posted 1 Jan 1998 in Volume 1 Issue 3
The Process for Innovation - A Case Study of Bae
Susie Crowley examines 'The Process for Innovation' which was awarded the Information Strategy Magazine 'Knowledge Culture' Award for the pioneering development of a corporate knowledge and learning culture, and has been recognised by the DTI as a generic and transportable method which can be used across UK Plc.
In 1994, following years of downsizing and plant closures, a major change program was initiated in British Aerospace plc by its CEO, Sir Dick Evans. The main problem within BAe was that each of the separate business units had retained their own identity since their amalgamation into the company, and the aim of the program, Benchmark BAe, was to create a single identity, with a one-BAe culture.
This was to be done through the adoption of 5 corporate values that would drive all behaviours across the company.
|Customers - Our Highest Priority|
|People - Our Greatest Strength|
|Partnerships - Our Future|
|Performance - Our Key To Winning|
|Innovation and Technology - Our Competitive Edge|
Value teams, consisting of senior management from each of the business units, were set up to oversee the adoption of these values, and define how the company could become the benchmark in each of them. In total, 19 benchmark actions were assigned to the 5 values.
The Innovation and Technology Value Team settled on 4 main actions;
The Chairman's Awards For Innovation, launched in 1996 was designed to recognise and publicise individuals or teams who exemplify innovation. The scheme is based on peer nomination, and entries are judged on a company wide set of criteria with awards given on the basis of business benefit or innovative behaviour. Individual Business Units award at the Bronze Level twice a year and at Silver Level once a year. The Silver Winners are invited to a yearly Gold Award ceremony, hosted by our Chairman, where a very few nominations will win the highest accolade - The Gold Award. This year only 4 Gold Awards were made, selected from over 700 nominations across the business units.
The Innovation Forum is held once a year, when top management are taken out of the work place to spend time working in a simulated future business environment. The workshop addresses aspects of leadership, environment and processes, challenging the managers to draw innovation into the future company strategy.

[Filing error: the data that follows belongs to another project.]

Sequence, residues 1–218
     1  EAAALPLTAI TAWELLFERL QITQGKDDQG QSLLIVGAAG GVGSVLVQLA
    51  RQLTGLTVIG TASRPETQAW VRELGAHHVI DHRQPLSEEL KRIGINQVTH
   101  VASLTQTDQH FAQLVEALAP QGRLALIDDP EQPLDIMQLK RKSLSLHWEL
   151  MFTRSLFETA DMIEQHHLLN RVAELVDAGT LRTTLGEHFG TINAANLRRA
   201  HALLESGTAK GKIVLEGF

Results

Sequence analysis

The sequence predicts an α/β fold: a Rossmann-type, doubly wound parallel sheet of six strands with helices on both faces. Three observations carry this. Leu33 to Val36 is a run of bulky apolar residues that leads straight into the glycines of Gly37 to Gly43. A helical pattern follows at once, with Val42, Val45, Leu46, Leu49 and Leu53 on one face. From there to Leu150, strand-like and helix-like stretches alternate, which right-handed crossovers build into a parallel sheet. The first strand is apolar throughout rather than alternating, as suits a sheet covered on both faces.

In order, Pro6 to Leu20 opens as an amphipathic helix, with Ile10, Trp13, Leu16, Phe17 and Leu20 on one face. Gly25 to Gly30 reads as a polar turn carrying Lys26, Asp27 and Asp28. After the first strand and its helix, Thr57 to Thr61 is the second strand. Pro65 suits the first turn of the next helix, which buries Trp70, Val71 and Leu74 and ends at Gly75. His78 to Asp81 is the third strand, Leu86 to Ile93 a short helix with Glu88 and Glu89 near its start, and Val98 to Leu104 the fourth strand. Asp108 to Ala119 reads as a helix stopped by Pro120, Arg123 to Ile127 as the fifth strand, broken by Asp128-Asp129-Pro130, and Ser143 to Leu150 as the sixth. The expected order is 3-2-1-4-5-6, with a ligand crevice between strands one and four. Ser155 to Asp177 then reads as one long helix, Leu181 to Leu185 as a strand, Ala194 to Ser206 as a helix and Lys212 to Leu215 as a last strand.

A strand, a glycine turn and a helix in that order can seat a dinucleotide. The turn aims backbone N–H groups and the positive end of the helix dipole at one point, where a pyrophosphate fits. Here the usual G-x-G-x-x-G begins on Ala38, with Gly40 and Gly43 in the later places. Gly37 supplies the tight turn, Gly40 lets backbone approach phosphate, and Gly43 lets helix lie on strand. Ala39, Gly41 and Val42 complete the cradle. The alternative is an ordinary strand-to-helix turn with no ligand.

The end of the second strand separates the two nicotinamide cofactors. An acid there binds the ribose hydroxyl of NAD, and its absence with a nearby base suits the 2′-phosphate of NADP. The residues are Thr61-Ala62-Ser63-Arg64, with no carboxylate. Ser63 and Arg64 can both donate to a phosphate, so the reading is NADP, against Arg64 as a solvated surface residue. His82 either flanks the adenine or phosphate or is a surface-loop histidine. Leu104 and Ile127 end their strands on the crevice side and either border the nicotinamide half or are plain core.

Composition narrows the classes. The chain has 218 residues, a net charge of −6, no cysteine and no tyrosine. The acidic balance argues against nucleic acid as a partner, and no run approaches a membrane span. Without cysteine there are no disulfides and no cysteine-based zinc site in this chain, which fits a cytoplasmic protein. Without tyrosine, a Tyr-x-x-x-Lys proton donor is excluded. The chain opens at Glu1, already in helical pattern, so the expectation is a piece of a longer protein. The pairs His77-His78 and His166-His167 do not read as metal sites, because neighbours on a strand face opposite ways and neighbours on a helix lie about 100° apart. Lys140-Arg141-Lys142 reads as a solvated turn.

Link BAe consists of 3 programs of work: e-mail and a company intranet, which work together as a means of sharing information and knowledge across the company, and the Internet to provide access to external sources of information.
The final action under the Innovation and Technology value is The Process For Innovation. This is a program for identifying and transferring best innovative practice across the company.
The aim of this program is 'to grow and sustain an innovative culture through focusing on the processes and behaviours that influence innovation and by transfer of best practice across the company'.
Extensive work was carried out to create an Innovation Framework, based on the idea that Innovation is the successful implementation of a new idea. The framework breaks down the process of innovation into three steps: creativity and idea generation, the way in which BAe develops ideas, and the barriers that can be put in their way, and the methods of implementing ideas that add value to products, processes or our working environment.
These 3 steps are influenced by 3 factors:
1. Customer Focus
This explores how customers influence BAe's ability to generate ideas focused on their needs, how BAe retains contact with Customers when developing ideas, and whether the developments stay in line with customer requirements.
2. Organizational Culture
Does our culture encourage our staff to come up with, and develop new ideas. It also covers barriers to innovation, where they exist and if they are easily overcome.
3. Business Processes